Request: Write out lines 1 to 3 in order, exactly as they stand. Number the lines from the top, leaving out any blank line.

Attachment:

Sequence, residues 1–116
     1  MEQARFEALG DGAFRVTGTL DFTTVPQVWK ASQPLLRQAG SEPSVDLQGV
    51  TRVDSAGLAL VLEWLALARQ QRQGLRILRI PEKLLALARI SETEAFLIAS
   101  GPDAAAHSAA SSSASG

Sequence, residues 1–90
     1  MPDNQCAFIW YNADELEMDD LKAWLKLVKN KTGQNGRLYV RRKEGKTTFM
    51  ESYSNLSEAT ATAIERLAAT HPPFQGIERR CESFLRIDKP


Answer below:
Sequence, residues 1–116
     1  MEQARFEALG DGAFRVTGTL DFTTVPQVWK ASQPLLRQAG SEPSVDLQGV
    51  TRVDSAGLAL VLEWLALARQ QRQGLRILRI PEKLLALARI SETEAFLIAS